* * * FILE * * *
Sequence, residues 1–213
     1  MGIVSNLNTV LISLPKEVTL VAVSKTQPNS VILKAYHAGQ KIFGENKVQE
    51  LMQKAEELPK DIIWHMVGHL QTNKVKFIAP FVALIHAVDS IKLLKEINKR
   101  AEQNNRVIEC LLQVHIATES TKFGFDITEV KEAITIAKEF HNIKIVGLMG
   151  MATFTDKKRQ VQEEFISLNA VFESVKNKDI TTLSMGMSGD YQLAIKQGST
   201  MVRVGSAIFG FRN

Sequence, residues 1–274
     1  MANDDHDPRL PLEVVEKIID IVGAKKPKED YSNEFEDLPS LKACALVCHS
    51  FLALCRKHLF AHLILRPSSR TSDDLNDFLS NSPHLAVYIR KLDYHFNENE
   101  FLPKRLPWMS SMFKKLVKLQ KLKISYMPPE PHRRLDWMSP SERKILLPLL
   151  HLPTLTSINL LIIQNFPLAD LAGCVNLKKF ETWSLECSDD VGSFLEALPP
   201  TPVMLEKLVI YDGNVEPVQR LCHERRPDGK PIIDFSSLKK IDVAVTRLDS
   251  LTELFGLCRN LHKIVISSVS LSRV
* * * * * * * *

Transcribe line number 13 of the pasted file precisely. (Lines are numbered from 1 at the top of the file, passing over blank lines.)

   251  LTELFGLCRN LHKIVISSVS LSRV